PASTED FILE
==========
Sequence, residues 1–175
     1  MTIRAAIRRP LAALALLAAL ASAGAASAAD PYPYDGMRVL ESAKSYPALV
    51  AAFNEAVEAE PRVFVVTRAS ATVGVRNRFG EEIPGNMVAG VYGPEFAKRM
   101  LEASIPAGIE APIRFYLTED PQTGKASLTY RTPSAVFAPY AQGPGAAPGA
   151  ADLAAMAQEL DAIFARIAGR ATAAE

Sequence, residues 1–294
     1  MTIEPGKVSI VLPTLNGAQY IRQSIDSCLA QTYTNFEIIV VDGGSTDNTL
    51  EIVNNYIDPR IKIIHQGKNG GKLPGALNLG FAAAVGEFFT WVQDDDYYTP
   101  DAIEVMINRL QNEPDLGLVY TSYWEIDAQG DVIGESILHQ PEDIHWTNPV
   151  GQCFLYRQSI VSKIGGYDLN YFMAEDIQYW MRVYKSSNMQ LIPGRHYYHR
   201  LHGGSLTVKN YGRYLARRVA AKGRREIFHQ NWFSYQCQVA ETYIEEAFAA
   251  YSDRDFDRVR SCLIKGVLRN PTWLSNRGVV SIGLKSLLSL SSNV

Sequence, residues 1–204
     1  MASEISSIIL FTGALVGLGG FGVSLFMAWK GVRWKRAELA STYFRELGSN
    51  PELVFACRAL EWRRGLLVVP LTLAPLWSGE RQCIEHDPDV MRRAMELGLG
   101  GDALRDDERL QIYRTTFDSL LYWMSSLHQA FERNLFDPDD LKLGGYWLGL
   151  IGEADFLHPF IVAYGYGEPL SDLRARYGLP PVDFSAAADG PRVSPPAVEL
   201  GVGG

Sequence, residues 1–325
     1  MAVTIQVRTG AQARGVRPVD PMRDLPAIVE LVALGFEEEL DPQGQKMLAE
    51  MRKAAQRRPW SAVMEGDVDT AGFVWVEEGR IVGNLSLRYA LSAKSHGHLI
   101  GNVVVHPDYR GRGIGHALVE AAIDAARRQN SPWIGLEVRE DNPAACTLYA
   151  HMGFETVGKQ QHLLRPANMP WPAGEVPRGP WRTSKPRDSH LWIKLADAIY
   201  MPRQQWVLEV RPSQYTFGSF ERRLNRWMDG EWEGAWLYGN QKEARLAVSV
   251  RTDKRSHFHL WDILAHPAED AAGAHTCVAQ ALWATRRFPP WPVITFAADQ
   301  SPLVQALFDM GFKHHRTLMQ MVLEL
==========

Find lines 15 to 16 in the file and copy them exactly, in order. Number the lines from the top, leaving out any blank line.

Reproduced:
    51  PELVFACRAL EWRRGLLVVP LTLAPLWSGE RQCIEHDPDV MRRAMELGLG
   101  GDALRDDERL QIYRTTFDSL LYWMSSLHQA FERNLFDPDD LKLGGYWLGL